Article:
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'It's All God': How This Butcher-Turned-Pastor Led Hundreds to Christ

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A Kentucky pastor who’s been preaching for decades offered a simple but powerful blueprint for sharing the Gospel — and a reminder every Christian should heed.

In a world where it’s easy to overthink evangelism and spreading the faith, Bobby Eaton told Kentucky Today his secret to spreading the faith and growing his church is totally centered on the Lord.

“It’s all God,” he said of his evangelistic efforts.

The 77-year-old hasn’t always been a preacher.

“I was a butcher who ran a meat market for 31 years,” Eaton said.

But he eventually realized God had big plans to use him to spread the Gospel.

Eaton, pastor of Poplar Grove Baptist Church in Corbin, Kentucky, described what unfolded 20 years ago when he was asked to fill in for the then-pastor, who was suffering from cancer.

The tiny church had just 20 people in its services, which left Eaton stunned. Based on nearby homes, he expected far more people to be in the pews, Kentucky Today reported.

“I told my wife, ‘That church should be running 150,'” he said. “I took Poplar Grove as a bivocational pastor, and the Lord started blessing. We hit all those neighborhoods. We’ve just kept growing and growing, even though there aren’t many kids in those subdivisions.”

That growth continued and, two decades later, the church now has about 300 people in each service. Membership and church activity have grown under Eaton’s leadership.

Still, he takes no credit, repeatedly telling the outlet it was all God.

As for Eaton’s general ministry skills, he took some classes to hone his craft in evangelism but said he typically keeps the message simple, often using the “Romans Road” tool to share the Christian faith — a simple reiteration of Paul sharing the Gospel in the book of Romans.

And that simple approach to sharing the truth has made a big impact. According to Kentucky Today, in addition to Eaton growing his current church, he also led around 300 people to the Lord during his 13 years on staff at Central Baptist and Immanuel Baptist and while working as a chaplain at Baptist Health.

Read more about his powerful story here.

It’s interesting to see pastors keeping things simple and seeing God work. Eaton is hardly alone in his approach, with other pastors and revivalists sharing similar tactics and stories — journeys that should inspire all Christians to realize the Gospel is enough to change hearts and minds.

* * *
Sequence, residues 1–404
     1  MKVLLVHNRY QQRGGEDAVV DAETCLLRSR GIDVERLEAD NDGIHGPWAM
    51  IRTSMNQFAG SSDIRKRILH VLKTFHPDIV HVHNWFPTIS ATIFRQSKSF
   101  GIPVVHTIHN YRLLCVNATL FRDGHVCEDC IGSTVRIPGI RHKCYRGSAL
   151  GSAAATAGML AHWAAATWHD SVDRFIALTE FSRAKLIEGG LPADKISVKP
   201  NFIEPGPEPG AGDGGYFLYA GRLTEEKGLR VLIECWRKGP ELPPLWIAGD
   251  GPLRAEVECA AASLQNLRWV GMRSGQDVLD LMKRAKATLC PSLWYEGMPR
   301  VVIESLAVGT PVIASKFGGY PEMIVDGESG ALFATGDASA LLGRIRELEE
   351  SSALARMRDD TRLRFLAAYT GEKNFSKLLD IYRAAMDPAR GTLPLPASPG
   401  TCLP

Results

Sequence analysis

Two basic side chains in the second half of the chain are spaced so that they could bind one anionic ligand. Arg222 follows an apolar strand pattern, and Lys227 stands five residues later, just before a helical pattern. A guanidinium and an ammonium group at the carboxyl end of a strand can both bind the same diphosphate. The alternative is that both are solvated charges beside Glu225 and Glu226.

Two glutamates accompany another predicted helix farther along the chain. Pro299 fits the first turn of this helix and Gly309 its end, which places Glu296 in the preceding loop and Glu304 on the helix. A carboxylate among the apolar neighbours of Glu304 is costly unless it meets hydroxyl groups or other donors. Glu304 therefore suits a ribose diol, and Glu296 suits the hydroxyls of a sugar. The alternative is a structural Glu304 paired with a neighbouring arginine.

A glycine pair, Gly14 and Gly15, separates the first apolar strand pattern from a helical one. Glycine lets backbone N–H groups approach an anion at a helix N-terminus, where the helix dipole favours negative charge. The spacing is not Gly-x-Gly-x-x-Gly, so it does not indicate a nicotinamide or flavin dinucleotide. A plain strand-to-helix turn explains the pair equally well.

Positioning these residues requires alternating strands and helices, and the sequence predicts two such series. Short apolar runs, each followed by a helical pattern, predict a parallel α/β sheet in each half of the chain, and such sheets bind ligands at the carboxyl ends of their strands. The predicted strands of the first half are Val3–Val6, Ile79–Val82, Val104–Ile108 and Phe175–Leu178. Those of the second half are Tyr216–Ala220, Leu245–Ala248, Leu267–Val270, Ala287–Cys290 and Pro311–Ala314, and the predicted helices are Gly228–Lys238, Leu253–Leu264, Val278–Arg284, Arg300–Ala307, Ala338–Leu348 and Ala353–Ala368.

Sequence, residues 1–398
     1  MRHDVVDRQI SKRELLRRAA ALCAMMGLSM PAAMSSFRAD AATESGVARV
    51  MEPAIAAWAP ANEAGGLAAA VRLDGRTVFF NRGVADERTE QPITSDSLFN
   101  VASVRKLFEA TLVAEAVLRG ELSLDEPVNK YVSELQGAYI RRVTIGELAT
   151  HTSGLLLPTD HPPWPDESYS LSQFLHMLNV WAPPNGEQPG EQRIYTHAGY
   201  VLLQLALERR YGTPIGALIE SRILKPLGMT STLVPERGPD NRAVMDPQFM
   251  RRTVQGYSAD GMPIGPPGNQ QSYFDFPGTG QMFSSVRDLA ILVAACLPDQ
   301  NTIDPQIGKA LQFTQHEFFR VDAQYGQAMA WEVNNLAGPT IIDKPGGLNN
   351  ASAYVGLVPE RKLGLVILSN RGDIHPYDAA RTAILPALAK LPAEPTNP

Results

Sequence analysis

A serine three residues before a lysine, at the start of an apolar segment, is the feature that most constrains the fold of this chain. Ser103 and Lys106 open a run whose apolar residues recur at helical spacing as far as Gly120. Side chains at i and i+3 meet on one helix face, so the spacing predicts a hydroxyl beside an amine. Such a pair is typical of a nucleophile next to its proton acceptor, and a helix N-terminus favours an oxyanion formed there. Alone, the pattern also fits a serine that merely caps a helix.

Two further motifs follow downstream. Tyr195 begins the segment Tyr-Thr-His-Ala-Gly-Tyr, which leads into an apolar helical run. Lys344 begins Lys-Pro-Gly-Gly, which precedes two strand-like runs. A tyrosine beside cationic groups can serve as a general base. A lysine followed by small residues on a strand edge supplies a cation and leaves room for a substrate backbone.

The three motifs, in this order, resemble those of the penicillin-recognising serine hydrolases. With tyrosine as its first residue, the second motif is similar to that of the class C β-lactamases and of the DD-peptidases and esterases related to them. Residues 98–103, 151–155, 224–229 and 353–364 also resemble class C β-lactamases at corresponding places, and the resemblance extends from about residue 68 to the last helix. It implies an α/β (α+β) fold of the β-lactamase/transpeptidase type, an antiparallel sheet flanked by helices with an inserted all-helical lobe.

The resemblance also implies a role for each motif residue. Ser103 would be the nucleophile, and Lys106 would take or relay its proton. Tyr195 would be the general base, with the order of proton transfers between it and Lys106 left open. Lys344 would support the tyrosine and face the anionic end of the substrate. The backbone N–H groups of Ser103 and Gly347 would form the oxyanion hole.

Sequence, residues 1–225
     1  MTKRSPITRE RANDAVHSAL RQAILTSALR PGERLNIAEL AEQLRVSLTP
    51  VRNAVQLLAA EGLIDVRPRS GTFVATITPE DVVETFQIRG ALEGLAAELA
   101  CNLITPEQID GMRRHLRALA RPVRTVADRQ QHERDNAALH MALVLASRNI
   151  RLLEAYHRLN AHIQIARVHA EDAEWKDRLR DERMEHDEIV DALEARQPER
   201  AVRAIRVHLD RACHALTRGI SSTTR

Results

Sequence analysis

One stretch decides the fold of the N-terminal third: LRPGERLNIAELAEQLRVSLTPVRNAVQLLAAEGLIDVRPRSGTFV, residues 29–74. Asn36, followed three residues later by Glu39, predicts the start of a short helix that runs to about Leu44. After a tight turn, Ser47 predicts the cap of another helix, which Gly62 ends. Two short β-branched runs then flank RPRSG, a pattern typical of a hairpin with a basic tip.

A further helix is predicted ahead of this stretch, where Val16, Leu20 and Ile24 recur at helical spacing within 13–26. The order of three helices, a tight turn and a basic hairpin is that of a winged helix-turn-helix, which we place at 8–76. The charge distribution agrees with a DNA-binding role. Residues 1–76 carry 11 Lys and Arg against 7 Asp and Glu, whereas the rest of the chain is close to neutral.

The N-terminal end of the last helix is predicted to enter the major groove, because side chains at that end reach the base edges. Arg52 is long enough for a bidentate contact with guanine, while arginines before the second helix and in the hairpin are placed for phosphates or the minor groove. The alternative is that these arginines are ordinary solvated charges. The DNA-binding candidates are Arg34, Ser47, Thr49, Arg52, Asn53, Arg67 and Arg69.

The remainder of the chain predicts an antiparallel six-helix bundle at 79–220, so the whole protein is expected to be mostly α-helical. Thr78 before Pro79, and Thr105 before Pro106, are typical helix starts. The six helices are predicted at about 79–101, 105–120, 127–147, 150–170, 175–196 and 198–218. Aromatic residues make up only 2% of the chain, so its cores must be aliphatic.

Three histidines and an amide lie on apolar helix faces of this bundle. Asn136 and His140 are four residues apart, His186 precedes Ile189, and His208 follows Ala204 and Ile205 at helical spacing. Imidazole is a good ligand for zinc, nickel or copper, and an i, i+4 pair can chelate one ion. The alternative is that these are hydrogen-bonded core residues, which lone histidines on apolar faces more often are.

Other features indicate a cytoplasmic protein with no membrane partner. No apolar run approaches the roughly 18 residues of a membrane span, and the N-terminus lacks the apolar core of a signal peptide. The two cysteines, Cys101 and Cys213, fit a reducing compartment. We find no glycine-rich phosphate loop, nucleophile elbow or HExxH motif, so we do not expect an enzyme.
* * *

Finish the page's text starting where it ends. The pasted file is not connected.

As CBN Digital previously reported, North Carolina preacher Ralph Sproles, who has spent nearly seven decades sharing the Gospel, revealed last month the simple secret he believes is crucial to any preacher’s success.

“Just love your people,” Sproles told WGHP-TV. “If you don’t love people, you’re not going to be effective in the ministry.”

Sproles, who is in his late 80s and still preaching at revivals and delivering occasional sermons, said this essential lesson is one every pastor must heed. Showing love for a congregation — and for people more generally — is at the very heart of any successful ministry, he said.

“I’m a hugging preacher,” he added. “I hug people.”

Sproles also spoke about the importance of intentionally vocalizing his care and feelings for others, noting doing so is an expression of true faith and devotion.

“I tell people I love them,” he said. “When I see them at church, I say, ‘I want you to know I love you,’ because they don’t hear enough of that. That’s what the Christian life is about.” 

These pastors’ approach — one rooted in truth and love — is changing hearts and minds. Read more about Sproles here.

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About The Author

Billy Hallowell writes for CBN's He has been working in journalism and media for more than a decade. His writings have appeared in CBN News, Faithwire, Deseret News, TheBlaze, Human Events, Mediaite, PureFlix, and Fox News, among other outlets. He is the author of several books, including Playing with Fire: A Modern Investigation Into Demons, Exorcism, and Ghosts Hallowell has a B.A. in journalism and broadcasting from the College of Mount Saint Vincent in Riverdale, New York and an M.S. in social research from Hunter College in Manhattan, New York.